Thanks all

  8. Sarah Riley says:

    Wow, I suddenly don’t feel alone, but sadly have realised how universal this support issue is. We live in London, UK.

    My daughter Paige is now 10mths old and has had an NG tube to supplement breastfeeding since she was 10 days old as she does not demand enough from me to ensure that she does not dehydrate and to ensure weight gain. Sadly she wont take a bottle.

    She also had a heart condition AVSD which was fixed in January, but her demand for more did not happen as we were told it would. The feeding teams here as you have already pointed out don’t seem too bothered that she has a tube and when asked to help wean her off it suddenly go silent. They are quite happy to point out the things that your doing wrong and point out that the tube should have only been in for six weeks, but no help you with a weaning programme.

    I can not tell you how many days I’ve been depressed and in tears over the whole thing. We were home (NZ) recently to introduce Paige to the family and the number of times we had to explain why we had it and the number of times a certain person in the family would say ‘I’ll do it and we’ll have this tube out before you know it’, was so upsetting.

    I’ve been looking for a new vocation and as I can’t stand to see others suffering as I’ve suffered so I think I have just found it.

    Amber, thank you so much for not giving up and for sharing this info. I’ll give it a go and let you know how we get on.

    Big hug…. Sarah

  9. Kristin says:

    Thank you for this post. My son started with an NG tube at the age of 10 months, and eventually had a G-tube placed. He has Wolf-Hirschhorn Syndrome (missing piece of short arm of 4th chromosome), and feeding issues are common. Yet, this statement rings so true for him…

    Many children remain tube dependent after successful healing of their underlying disease.

    That is exactly what I have been thinking lately. He has overcome all of the feeding difficulties that he once had. He has been eating pureed foods for some time and can now chew and eat diced foods, as well as cheerios and small crackers. His major difficulty was with drinking…he simply could not drink well. Now he absolutely has the ability to drink and it’s obvious that it has become a “mental” thing for him to expect the tube feeding when he doesn’t feel like eating. He gets excited about food, asks for it, enjoys choosing his foods, enjoys being part of mealtime, and has the ability to eat and to drink now…he had been drinking a little from a bottle but recently learned how to very effectively drink from a straw. With 100% certainty I know he’s ready to be weaned.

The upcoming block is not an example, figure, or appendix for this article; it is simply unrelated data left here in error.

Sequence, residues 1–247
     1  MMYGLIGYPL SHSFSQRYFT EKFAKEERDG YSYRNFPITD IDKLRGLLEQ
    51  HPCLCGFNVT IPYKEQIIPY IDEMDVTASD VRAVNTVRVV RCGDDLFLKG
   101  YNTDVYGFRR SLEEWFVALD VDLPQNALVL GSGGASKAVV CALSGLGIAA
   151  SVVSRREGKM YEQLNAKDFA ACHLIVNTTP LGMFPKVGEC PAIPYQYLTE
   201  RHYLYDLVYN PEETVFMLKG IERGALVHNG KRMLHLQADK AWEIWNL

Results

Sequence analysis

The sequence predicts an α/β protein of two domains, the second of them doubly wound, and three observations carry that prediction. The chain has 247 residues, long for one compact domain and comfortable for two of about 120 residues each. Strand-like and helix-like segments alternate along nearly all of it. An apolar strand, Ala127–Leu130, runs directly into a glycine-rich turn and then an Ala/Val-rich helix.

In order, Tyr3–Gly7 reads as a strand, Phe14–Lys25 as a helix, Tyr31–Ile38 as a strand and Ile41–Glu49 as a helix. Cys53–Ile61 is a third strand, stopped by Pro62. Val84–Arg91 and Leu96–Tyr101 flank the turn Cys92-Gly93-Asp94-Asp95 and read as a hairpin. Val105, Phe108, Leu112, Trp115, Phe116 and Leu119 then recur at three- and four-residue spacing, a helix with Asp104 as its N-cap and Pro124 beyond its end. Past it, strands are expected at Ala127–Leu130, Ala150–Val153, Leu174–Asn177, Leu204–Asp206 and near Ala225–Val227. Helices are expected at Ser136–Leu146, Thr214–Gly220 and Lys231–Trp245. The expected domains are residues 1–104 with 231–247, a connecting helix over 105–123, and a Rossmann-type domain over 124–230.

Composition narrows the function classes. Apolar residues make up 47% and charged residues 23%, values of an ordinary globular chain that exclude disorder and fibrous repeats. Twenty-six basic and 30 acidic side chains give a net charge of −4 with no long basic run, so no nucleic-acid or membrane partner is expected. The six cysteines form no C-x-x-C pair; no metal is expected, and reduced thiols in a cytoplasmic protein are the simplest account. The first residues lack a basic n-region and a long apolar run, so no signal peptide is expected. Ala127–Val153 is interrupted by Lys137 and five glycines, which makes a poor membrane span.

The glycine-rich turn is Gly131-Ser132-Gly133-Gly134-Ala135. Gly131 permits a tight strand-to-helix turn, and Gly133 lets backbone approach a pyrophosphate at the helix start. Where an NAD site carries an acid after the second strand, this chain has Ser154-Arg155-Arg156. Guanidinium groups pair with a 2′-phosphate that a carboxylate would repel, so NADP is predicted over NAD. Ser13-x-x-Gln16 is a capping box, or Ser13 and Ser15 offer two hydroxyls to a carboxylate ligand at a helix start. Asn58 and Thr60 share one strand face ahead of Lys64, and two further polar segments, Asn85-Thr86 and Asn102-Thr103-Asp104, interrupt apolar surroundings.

So even though I know he can do it, and that we need to aggressively move toward weaning I still worry about making sure that throughout the process he doesn’t get dehydrated or lose weight. He is now 3 years old and just hit 17 pounds, so he’s still small. Yet he’s strong and healthy now, which was not the case just over a year ago.

    I have been contemplating contacting the staff at Graz, after hearing that they can do email consultation throughout the weaning process and that US doctors are much more conservative about weaning…

    Because he is essentially choosing to get tube fed out of convenience now, I know it will only be more difficult to wean him as he gets older (and smarter!!), so I need to act NOW. This post solidified that for me.

    Thank you, Thank you. Kristin, Mother of Ryan ’06

    • amberhj says:

      Dear Kristin,

      Thanks for your comment and for sharing your story. What I most want to say to you is “Follow your instincts!” You know your son best and your gut is going to be more effective than even the most specialized experts out there. Graz was a wonderfully helpful part of Stella’s weaning team and they may be a great source of confidence (so important in weaning) and reassurance and expertise to you as well. Your son has come so far and you have much to be proud of–your efforts have paid off! You will get him the rest of the way there. Hang in there and keep in touch if you can. I hope to hear about your weaning success, and soon! Best wishes!

  10. Kristin says:

    Thanks~ Last Wednesday, shortly after posting my first message I decided it was time to try to start weaning. I called the doctor and talked with his nurse about our plan. He was out of town, and so I had until this past Monday to get things underway.

    With the exception of 3-4 ounces of water while sleeping to help avoid dehydration, he has not had a tube feeding since that day. We have made it one full week, and to turn back now would be heartbreaking! The doctor’s office called back on Monday and I did not receive the resistance I expected. He said to continue with small, frequent meals and watch for signs of dehydration and to check his weight weekly. If as of next Monday he has lost weight he will recommend adding some tube feeds.

    We are going to take it day by day, but as long as Ryan isn’t losing a ton of weight, remains hydrated, active/energetic, isn’t regressing and continues to ask for and accept food and drink I think I will hold off. I might request blood work to check to be sure all is well there and add a multivitamin if needed, but I know I need to remain strong and (as you said) follow my instincts in this “mission” as long as he is doing well and staying healthy.

    We are not going to actually remove the tube for a while, just in case he’d get sick or something and need additional hydration, etc.

    Anyway I will try to keep you posted!! Thanks again for all of the wonderful information on this site!

    Kristin

  11. Anneke says: